When we look to Scripture, what we find might surprise you. Paul tells us “the law is good” (1 Tim. 1:18), and James describes it as the “law of liberty” (James 1:25; 2:12). So, though our obedience to it can never earn us a place in heaven (Rom. 3:20; Gal. 2:15–16), the law should be seen as serving a positive role in our lives. In fact, it reveals to us the lifestyle that God intends for his people to live. Of course, the law functions differently for believers today than it did for the Israelites in the Old Testament, and it has been fundamentally changed through the work and teaching of Jesus who rendered the sacrificial laws obsolete through his once-for-all death on the cross (Heb. 9). Nevertheless, we must strive to view the law positively.

One way to do that is by remembering this simple phrase: “Discipline without direction is drudgery.” [1] If God’s law was simply a set of regulations given by an absent deity, it would feel oppressive—on the order of a “NO DIVING ALLOWED” sign. But since it comes from a loving and compassionate God, it is purposeful. He gives us the law for our good as he remakes us into the image of the One who lived in perfect obedience to him, Jesus. In that way it truly is a law of liberty and something we should strive to live out as we pursue the goal for which we were created.


  1. Donald S. Whitney, Spiritual Disciplines for the Christian Life (Colorado Springs, CO: Navpress, 1991), 15.  ↩

The Hamster Wheel

Hamsters must be the most physically fit rodents on earth. Rather than letting them sit around stuffing their jaws with little pellets of food, their owners supply them with an exercise machine, the hamster wheel. You know what it looks like, and if you’ve ever had a hamster of your own, you know what it sounds like at 3 AM! The hamster runs in the wheel, and if you think about it too long, you can almost start to feel sad for them. They exert so much energy, but never actually get anywhere. Maybe you can relate.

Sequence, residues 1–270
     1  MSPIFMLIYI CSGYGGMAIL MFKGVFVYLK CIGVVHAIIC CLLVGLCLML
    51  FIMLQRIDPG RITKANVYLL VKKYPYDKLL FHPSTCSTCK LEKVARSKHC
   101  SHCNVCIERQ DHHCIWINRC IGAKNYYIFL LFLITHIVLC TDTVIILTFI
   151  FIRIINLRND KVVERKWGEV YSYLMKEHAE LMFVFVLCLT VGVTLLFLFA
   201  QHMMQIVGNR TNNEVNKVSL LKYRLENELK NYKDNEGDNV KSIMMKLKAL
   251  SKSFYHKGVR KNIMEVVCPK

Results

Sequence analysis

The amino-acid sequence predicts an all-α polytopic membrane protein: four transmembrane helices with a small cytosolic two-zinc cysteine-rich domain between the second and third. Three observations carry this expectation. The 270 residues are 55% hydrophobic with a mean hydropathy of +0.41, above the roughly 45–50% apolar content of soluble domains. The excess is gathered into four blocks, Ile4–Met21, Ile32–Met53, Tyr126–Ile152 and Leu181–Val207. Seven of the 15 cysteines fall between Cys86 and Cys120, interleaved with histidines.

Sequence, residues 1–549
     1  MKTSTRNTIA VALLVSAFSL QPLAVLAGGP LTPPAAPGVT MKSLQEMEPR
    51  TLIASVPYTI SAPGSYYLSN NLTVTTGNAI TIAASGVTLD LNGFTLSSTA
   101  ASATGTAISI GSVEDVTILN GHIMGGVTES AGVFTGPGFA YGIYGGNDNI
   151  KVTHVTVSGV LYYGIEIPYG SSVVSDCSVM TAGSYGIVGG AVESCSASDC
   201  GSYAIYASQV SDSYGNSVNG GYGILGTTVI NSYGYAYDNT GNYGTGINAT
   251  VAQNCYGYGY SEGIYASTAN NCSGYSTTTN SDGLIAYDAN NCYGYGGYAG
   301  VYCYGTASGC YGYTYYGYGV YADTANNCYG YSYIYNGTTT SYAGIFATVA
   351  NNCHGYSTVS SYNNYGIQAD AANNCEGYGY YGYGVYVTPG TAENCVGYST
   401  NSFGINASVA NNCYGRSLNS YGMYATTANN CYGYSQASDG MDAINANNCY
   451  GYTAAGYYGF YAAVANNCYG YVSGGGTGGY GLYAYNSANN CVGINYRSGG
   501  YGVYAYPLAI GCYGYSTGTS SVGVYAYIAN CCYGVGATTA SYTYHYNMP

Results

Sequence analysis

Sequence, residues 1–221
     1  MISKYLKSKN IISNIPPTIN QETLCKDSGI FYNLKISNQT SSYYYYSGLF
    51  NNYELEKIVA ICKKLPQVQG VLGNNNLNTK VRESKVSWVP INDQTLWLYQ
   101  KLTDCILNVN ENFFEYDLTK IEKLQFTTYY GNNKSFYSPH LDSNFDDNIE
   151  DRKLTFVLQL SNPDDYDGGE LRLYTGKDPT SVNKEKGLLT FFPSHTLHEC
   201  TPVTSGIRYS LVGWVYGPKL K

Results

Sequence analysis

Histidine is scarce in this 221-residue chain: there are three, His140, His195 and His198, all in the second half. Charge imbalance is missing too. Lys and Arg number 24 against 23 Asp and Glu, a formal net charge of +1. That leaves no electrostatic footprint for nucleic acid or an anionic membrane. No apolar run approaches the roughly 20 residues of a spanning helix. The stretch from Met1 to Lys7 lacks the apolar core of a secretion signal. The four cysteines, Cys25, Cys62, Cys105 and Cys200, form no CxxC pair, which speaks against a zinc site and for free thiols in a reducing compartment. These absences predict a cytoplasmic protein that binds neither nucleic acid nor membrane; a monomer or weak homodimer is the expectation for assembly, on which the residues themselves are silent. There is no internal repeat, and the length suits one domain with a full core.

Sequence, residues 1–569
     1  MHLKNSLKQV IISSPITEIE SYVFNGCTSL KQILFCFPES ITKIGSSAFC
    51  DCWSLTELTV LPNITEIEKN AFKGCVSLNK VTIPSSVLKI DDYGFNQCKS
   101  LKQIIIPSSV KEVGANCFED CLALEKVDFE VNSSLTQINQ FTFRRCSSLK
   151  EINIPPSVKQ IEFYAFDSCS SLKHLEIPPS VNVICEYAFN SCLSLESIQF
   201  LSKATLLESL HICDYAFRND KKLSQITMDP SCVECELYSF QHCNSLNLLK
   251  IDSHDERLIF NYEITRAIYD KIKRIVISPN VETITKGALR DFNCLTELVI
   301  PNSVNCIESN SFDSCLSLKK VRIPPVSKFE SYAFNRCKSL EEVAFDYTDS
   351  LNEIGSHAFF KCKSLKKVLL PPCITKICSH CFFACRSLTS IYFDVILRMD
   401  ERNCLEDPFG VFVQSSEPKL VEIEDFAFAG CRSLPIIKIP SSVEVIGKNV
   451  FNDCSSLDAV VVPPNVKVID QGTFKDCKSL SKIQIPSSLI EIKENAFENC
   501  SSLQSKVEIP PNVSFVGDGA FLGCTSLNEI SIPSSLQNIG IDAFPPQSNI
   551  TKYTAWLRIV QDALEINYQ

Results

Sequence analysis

Our hurried lives are often punctuated by setbacks, frustrations, and, to use the apostle James’ word, trials. While you’re in the middle of one of these setbacks, you feel powerless to get out of it. No matter how hard you push or how fast you run, you just can’t get out. As they say online, “The struggle is real.” What’s worse, it’s not always apparent what we did to deserve the trial we’re facing, and it can sometimes feel like God has abandoned us to go it alone. Thankfully, God knew that we would fall into this “Hamster Wheel Perspective,” and in James 1:1–18 we’re told two things that get us out of the hamster wheel and on with our lives. First, there is a purpose to our trials (Jas. 1:2–4), and second, we’ll be rewarded for our perseverance through them (Jas. 1:12).

There seems to be little purpose to the hamster’s ceaseless running. Clearly, he’s going nowhere and fast. Not so for the believer! God has begun a work in us and He promises to complete it (Phil. 1:6). He has stretched a path in front of us, and though it may prove difficult at times, His purpose is for us to reach our goal and to finish our race. Life is not a hamster wheel. Each trial has a purpose as God shapes us and molds us into the image of His Son, Jesus (Rom. 8:29).

In addition to never actually going anywhere, the hamster doesn’t win anything for running in his wheel. It’s a mindless exercise in futility. But, Christian, we are promised a wonderful reward for our perseverance. James refers to it as “the crown of life which the Lord has promised to those who love Him” (Jas. 1:12), and Paul calls it a competitor’s “prize” (2 Tim. 2:5). Both argue that it is a motivation for our perseverance.

So when you find yourself facing an obstacle, give up the hamster wheel perspective that keeps you from seeing its point. Remember that God is at work to change you and make you more like Jesus, and that He promises a great reward for your faithfulness to Him through it.